Politicians can make use of most people’s lack of understanding of economics, and the impenetrability of the subject, to deflect criticism:
- Macroeconomics is inherently complex, so even experts disagree with each other. Governments can choose their experts.
- It is rarely possible to be sure what caused any particular economic result and it is particularly difficult to determine what the contribution of a previous government’s macroeconomic policy decisions has been. For example, inflation can be caused by a government printing money to pay for its overspending (184.108.40.206), or by increases in the prices of commodities such as oil, or by wage demands which are not accompanied by a comparable improvement in productivity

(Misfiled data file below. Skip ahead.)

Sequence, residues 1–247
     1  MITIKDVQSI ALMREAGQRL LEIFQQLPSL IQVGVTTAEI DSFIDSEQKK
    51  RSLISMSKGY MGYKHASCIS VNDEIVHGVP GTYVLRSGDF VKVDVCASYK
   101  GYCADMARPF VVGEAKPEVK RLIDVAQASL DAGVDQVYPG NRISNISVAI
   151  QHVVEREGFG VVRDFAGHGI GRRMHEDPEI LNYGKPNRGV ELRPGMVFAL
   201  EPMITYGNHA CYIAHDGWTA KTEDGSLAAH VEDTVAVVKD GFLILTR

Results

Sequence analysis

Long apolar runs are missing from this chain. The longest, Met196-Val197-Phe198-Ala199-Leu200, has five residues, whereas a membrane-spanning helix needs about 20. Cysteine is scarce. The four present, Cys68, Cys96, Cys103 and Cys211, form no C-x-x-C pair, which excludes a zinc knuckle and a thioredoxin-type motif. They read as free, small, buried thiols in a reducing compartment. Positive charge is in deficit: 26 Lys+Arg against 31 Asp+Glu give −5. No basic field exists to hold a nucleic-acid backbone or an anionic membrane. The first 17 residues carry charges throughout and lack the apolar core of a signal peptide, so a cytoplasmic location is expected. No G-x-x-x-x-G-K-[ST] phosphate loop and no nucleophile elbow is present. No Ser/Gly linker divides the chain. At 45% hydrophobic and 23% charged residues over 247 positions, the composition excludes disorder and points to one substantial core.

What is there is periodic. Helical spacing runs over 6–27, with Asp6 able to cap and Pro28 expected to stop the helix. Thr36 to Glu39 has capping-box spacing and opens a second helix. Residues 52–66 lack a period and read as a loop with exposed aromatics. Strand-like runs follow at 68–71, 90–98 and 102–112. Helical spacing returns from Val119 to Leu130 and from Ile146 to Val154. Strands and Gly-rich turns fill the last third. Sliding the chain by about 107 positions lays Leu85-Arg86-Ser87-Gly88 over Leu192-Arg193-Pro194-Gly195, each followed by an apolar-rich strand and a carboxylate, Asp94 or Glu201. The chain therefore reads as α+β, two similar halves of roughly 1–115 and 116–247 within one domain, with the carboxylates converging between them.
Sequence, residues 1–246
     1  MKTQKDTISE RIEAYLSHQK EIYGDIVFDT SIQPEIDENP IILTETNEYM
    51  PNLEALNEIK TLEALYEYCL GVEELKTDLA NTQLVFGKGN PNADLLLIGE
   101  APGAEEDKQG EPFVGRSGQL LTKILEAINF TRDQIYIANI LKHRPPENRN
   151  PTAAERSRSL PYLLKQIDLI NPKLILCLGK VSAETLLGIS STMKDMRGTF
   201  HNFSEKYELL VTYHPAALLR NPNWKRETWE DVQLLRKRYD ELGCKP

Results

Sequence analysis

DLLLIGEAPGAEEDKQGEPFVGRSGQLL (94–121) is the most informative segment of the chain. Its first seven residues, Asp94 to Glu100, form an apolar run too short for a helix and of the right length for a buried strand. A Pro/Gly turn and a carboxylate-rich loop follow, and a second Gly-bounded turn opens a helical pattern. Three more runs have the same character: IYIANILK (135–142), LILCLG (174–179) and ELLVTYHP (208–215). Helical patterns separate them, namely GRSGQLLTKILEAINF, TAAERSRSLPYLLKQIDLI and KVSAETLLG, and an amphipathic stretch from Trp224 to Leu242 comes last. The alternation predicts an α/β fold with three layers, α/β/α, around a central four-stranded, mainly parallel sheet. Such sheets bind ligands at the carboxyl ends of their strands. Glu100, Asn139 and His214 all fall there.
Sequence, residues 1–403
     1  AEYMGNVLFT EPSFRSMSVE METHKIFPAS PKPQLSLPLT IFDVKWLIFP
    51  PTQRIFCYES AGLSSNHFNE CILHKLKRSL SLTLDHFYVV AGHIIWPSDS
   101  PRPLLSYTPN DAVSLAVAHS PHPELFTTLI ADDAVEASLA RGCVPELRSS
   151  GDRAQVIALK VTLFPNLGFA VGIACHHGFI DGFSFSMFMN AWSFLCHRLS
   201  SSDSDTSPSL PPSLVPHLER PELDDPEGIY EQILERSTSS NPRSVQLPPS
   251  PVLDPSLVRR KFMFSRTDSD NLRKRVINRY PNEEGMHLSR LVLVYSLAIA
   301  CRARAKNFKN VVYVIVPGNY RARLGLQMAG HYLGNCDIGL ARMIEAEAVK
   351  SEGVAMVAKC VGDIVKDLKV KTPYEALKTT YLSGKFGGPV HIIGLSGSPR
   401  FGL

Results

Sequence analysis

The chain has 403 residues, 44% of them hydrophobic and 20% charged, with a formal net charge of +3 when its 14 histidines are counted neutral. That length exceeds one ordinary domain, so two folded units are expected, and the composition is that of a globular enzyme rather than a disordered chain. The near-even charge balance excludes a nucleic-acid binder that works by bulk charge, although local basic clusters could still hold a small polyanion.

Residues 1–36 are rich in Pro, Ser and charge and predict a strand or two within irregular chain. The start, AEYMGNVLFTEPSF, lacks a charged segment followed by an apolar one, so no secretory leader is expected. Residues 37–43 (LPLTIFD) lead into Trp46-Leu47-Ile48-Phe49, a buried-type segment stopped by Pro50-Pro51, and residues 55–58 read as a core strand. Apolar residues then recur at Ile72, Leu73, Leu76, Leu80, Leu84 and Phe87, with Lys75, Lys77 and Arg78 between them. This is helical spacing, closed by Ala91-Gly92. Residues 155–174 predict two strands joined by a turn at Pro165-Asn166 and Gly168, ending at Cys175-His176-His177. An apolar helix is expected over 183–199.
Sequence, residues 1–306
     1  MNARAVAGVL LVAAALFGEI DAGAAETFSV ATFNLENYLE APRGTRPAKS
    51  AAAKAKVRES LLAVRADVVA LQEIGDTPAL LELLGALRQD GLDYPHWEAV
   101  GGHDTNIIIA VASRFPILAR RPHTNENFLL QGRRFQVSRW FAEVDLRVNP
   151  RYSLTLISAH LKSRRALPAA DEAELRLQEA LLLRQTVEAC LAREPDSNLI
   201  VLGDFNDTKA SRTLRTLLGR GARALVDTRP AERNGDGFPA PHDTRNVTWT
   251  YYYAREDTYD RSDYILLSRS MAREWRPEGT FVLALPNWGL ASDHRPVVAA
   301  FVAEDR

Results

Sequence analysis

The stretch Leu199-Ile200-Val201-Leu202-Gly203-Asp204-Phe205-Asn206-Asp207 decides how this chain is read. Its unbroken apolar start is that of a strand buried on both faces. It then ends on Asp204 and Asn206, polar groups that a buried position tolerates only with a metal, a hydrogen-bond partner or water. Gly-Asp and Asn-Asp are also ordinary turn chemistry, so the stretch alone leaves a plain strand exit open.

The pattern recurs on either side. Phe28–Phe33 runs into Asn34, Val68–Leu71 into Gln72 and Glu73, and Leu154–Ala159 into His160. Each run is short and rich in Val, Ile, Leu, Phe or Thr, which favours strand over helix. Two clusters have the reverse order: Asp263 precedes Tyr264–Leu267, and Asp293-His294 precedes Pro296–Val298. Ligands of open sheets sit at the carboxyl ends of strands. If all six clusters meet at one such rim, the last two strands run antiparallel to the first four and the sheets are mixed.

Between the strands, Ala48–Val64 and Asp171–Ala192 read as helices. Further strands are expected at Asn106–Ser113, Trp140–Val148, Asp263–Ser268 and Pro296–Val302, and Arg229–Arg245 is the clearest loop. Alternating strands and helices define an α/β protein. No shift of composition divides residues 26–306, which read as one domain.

- The Greek government, when borrowing money in 2002, used questionable practices to conceal the true debt position from the Greek people and from other countries in the Eurozone – as described in an article entitled How Goldman Sachs Helped Greece to Mask its True Debt, which was published on 2 August 2010 by Der Spiegel, revealing the use of “fictional exchange rates” whereby “Goldman Sachs secretly arranged additional credit of up to $1 billion for the Greeks”. Italy had also used a similar device in previous years.
- Governments can choose explanations that make them look good.
In practice, people judge economic performance on the basis of whether they feel confidence on a personal basis and on what the media are saying (220.127.116.11). Failure to match expectations leads to dissatisfaction and pressure on governments (6.4.2). Conversely, governments lacking other forms of legitimacy may still be accepted by the people if they are seen as delivering economic benefit.